“What is the Emanciptation Proclamation?” the eighth-grader from Connecticut wrote as the answer to the clue: Abraham Lincoln called this document, which took effect in 1863, “a fit and necessary war measure.”
“That’s unfortunate,” he said. “The judges are ruling against you.”
Thomas was in second place with $9,600 in winnings, and he had wagered $3,000 on the answer. The outcome of the game wouldn’t have mattered if he had spelled the answer correctly.
Nevertheless, tears were clearly visible in the boy’s eyes as his parents joined him onstage at the end of the show.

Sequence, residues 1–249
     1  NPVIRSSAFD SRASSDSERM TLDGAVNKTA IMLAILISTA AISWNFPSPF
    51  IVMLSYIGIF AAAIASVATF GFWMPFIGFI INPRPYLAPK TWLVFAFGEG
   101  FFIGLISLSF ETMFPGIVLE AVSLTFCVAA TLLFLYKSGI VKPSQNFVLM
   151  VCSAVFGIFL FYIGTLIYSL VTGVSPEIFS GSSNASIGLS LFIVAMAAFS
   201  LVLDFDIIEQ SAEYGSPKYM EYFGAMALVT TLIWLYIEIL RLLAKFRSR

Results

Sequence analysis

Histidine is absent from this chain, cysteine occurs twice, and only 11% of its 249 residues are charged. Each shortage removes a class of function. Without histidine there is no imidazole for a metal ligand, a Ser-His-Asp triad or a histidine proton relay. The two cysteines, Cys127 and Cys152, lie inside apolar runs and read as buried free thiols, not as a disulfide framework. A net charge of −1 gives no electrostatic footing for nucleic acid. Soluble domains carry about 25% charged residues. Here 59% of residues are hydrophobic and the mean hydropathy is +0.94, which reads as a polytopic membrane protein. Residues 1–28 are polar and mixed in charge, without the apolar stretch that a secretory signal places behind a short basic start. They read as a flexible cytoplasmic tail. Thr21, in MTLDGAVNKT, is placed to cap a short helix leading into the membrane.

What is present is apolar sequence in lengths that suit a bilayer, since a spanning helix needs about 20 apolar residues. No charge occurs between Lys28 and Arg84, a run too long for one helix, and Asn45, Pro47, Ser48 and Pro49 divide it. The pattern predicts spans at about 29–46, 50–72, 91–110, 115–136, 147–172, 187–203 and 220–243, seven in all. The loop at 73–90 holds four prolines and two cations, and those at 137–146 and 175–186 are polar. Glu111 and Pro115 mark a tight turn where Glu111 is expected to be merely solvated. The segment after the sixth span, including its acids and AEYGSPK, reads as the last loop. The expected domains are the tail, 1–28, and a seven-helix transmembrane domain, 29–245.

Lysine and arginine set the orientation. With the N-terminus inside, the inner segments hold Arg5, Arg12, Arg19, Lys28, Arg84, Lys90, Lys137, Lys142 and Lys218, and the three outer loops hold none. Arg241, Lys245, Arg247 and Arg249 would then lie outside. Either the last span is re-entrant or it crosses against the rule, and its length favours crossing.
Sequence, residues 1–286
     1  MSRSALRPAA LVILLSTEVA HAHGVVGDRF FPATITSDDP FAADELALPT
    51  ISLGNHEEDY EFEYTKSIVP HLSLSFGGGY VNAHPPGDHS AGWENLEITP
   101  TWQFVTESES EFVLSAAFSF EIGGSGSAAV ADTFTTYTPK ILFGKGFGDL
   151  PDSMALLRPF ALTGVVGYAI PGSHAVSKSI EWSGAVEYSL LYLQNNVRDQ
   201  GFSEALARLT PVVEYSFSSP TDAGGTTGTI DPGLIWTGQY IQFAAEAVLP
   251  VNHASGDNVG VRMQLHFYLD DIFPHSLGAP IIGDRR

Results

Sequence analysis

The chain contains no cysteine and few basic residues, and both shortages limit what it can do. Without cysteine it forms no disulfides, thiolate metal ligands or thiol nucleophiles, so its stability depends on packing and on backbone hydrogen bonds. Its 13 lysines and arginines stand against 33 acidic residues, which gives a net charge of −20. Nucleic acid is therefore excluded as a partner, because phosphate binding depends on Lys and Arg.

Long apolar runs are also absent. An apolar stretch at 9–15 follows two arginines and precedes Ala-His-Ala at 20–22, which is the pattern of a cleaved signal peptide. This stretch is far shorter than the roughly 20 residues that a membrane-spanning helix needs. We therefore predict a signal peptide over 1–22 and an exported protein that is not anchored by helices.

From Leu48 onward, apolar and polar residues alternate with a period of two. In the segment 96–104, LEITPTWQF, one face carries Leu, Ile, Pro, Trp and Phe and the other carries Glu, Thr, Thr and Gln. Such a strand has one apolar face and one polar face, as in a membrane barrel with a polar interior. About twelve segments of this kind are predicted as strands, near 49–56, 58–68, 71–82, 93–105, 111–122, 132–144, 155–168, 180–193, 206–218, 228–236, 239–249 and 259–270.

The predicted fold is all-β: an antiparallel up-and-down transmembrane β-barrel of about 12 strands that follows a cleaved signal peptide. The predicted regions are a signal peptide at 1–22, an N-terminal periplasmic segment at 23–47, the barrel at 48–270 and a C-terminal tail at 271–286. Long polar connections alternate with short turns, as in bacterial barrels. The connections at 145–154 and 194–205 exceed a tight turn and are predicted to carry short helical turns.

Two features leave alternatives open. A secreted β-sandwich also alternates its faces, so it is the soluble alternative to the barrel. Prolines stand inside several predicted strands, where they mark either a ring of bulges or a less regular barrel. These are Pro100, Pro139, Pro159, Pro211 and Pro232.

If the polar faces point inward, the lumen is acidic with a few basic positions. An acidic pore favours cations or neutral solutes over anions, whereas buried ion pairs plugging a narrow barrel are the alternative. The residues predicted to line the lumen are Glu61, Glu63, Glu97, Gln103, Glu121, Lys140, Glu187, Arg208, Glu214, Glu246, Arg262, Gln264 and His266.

“The thing that bothered me most was the way Alex Trebek and the producers treated my son. They were kind of smug,” his father, Thomas Hurley II, told CNN. “It’s a kids’ tournament! Everyone knew what he meant.”
The boy, a regular fan of the show, said he’ll no longer watch.
“I was pretty upset that I was cheated out of the final 'Jeopardy!' question,” he told the News Times. “It was just a spelling error.”
The game show is standing by the decision, citing “fair and consistent” treatment of all contestants.